RootsTech 2019 to Feature Elder and Sister Bednar, Actress Patricia Heaton, and Subject of the Film “Lion”
Contributed By Trent Toone, Deseret News staff writer
- RootsTech is happening February 27–March 2 at the Salt Palace Convention Center.
- The theme of the conference is “Connect. Belong.”
Heaton wants to know more about her family history. She recently submitted a DNA test—her second—to Ancestry.com because the first results left her a little confused.
“For years I've been telling everyone I’m Irish Catholic, grew up in Cleveland. But when I took the test, I was like 99 percent British,” Heaton told the Deseret News in a telephone interview. “So I’m curious to see what else they find out about me and my family.”
Heaton, an Emmy Award-winning actress most recognized for her motherly roles in family television shows Everybody Loves Raymond and The Middle, is part of a lineup of keynote speakers and entertainers headlining the conference, scheduled for the week of February 27–March 2 in the Salt Palace Convention Center.
People can still register for the conference by going to RootsTech.org. The theme for the conference is “Connect. Belong.”
The keynote lineup includes Saroo Brierley, author of his international best-selling autobiography, A Long Way Home, and the subject of the 2016 film Lion; Jake Shimabukuro, a ukulele musician and composer; and Steve Rockwood, CEO of FamilySearch International.
Derek Hough of ABC’s Dancing with the Stars and members of the BYU ballroom dance team will also be featured in an event called “Connecting through Music and Dance.”
Elder David A. Bednar of the Quorum of the Twelve Apostles of The Church of Jesus Christ of Latter-day Saints and his wife, Sister Susan Bednar, will speak to a Latter-day Saint audience on Saturday morning as part of Family Discovery Day. The event will be streamed live on the home page of ChurchofJesusChrist.org beginning at 9:30 a.m. mountain standard time and on ChurchofJesusChrist.org/familyhistory in English. Members of the Church around the world are invited to participate.
As in past years, attendees can also wander through an expansive expo hall of vendors or attend more than 300 classes, breakout sessions, and activities for individuals and families designed for different ages and levels of interest in family history. Some classes and events will be broadcast live through RootsTech.org.
RootsTech organizers also hope to increase customer service by providing more information desks and having “ask me” volunteers available to answer questions.
In addition to finding out more about her roots, Heaton is a big advocate of “belonging” to a big family. Her mother was one of 15 children, and she often runs into people claiming to be a cousin. She won’t be surprised if that happens at RootsTech, she said.
“I always love having that connection to family and this sense of pride. I think it’s important to feel like you belong to a family, to a tribe. It gives you a sense of place; it gives you a sense of history,” Heaton said. “To know where your family comes from and what they’ve gone through for you [to be] here today somehow feeds your soul.”
The conference will be a new experience for Shimabukuro, who admitted he’s never been to anything like RootsTech. He’s honored to be a keynote speaker and looks forward to connecting with people through his music, he said.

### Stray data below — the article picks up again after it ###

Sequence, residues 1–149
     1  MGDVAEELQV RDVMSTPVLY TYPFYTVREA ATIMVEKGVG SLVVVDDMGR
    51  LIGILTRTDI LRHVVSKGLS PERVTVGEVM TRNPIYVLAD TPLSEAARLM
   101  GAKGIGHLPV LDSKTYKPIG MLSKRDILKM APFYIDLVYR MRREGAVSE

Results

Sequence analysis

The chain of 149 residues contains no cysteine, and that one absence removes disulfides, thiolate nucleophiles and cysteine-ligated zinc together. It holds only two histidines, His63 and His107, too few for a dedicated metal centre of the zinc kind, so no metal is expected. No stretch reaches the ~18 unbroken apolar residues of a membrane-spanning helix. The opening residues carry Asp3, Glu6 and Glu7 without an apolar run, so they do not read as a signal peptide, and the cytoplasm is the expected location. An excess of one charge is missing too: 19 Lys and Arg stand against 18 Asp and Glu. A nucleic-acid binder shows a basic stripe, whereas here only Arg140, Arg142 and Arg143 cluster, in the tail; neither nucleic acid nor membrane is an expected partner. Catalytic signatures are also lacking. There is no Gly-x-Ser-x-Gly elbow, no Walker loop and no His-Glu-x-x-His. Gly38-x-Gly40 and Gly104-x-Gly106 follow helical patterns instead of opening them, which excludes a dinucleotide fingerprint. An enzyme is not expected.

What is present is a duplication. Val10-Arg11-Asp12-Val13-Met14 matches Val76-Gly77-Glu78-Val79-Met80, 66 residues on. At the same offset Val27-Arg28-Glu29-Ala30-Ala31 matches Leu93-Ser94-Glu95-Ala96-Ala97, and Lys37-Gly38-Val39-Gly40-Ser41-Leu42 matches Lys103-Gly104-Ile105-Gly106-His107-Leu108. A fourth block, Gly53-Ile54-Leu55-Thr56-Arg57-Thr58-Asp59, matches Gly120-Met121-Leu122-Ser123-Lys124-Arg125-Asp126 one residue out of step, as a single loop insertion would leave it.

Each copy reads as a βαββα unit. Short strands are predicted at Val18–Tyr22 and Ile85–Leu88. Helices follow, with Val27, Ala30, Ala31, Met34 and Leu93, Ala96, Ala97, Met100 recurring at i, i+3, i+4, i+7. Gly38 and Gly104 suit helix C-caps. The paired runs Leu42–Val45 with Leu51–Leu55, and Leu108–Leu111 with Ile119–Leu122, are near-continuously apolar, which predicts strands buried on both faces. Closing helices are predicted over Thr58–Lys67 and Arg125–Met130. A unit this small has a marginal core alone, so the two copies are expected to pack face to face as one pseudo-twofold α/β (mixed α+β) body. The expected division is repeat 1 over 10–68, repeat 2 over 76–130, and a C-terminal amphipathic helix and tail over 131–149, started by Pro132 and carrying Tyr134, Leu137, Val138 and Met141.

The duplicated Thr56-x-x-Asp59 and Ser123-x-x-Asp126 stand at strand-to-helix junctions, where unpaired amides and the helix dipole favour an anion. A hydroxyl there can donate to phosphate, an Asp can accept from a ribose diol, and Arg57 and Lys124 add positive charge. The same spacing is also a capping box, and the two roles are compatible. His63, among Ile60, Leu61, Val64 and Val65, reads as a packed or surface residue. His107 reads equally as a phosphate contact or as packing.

The ukulele virtuoso described family parties, or “family jam sessions,” where there’s no shortage of musical instruments and there’s always a stage with a sound system. Shimabukuro hopes to reciprocate the fun feeling of bonding through music with those at RootsTech.
“I’m looking forward to the conference,” Shimabukuro said. “Nothing brings people together like music: the bonding, the communication, the connection, the emotional stimulation. Enjoying music together—spending time together—is extremely powerful. There’s something magical about it.”
Because of the movie and his book, Brierley’s story of becoming lost at age 5 in India, getting adopted, and being raised in another country before finding his way back decades later is well-known. He hopes his story will resonate messages of hope, determination, identity, and love of family, he said.
“I never thought anyone would take an interest in my story. I lived it, I’ve been through it, it just happened. I’m humbled and touched that people are taking a liking to the story and find it sort of enchanting,” Brierley said. “I'm out here trying to help others with the knowledge I have and share it with the world. My book, my story in the movie, it’s my gift to the world.”
For more information on RootsTech, visit RootsTech.org.
In this May 10, 2012, photo, Fatima Munshi, mother of Saroo, holds up a photo from their reunion in February 2012 at her home in Khandwa, India. Living in Australia, Saroo Brierley, 30, was reunited with his biological mother, Munshi, 25 years after an ill-fated train ride left him an orphan on the streets of Calcutta. Brierley will appear at this year's RootsTech, scheduled for February 27–March 2 at the Salt Palace Convention Center. Photo by Saurabh Das, Associated Press.
In this January 24, 2011 photo, recording artist Jake Shimabukuro poses for a portrait in New York. Shimabukuro will appear at this year’s RootsTech. Photo by Jeff Christensen, Associated Press.
Deborah (Patricia Heaton), right, often had a contentious relationship with her mother-in-law Marie (Doris Roberts) on Everybody Loves Raymond. Heaton will appear at this year’s RootsTech. Photo courtesy of CBS.
Attendees walk through RootsTech in Salt Lake City on Saturday, March 3, 2018. This year’s RootsTech is scheduled for February 27–March 2 at the Salt Palace Convention Center. Photo by Jeffrey D. Allred, Deseret News.